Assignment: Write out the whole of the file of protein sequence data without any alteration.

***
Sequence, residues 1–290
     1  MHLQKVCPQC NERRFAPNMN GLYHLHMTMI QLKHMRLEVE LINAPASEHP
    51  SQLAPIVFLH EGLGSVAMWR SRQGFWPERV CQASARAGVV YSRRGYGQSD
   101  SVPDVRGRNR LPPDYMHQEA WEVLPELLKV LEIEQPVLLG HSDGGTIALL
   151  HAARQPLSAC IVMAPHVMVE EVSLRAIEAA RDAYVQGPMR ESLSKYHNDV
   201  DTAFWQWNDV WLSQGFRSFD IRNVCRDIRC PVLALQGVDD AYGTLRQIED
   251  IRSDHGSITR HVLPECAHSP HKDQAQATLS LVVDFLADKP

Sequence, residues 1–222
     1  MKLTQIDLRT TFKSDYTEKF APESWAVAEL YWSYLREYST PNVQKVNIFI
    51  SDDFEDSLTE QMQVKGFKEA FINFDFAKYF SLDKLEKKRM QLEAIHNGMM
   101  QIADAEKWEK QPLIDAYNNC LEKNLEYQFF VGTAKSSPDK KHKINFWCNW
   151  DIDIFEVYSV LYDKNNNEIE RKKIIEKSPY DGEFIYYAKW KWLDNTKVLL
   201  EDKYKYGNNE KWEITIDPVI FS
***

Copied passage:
Sequence, residues 1–290
     1  MHLQKVCPQC NERRFAPNMN GLYHLHMTMI QLKHMRLEVE LINAPASEHP
    51  SQLAPIVFLH EGLGSVAMWR SRQGFWPERV CQASARAGVV YSRRGYGQSD
   101  SVPDVRGRNR LPPDYMHQEA WEVLPELLKV LEIEQPVLLG HSDGGTIALL
   151  HAARQPLSAC IVMAPHVMVE EVSLRAIEAA RDAYVQGPMR ESLSKYHNDV
   201  DTAFWQWNDV WLSQGFRSFD IRNVCRDIRC PVLALQGVDD AYGTLRQIED
   251  IRSDHGSITR HVLPECAHSP HKDQAQATLS LVVDFLADKP

Sequence, residues 1–222
     1  MKLTQIDLRT TFKSDYTEKF APESWAVAEL YWSYLREYST PNVQKVNIFI
    51  SDDFEDSLTE QMQVKGFKEA FINFDFAKYF SLDKLEKKRM QLEAIHNGMM
   101  QIADAEKWEK QPLIDAYNNC LEKNLEYQFF VGTAKSSPDK KHKINFWCNW
   151  DIDIFEVYSV LYDKNNNEIE RKKIIEKSPY DGEFIYYAKW KWLDNTKVLL
   201  EDKYKYGNNE KWEITIDPVI FS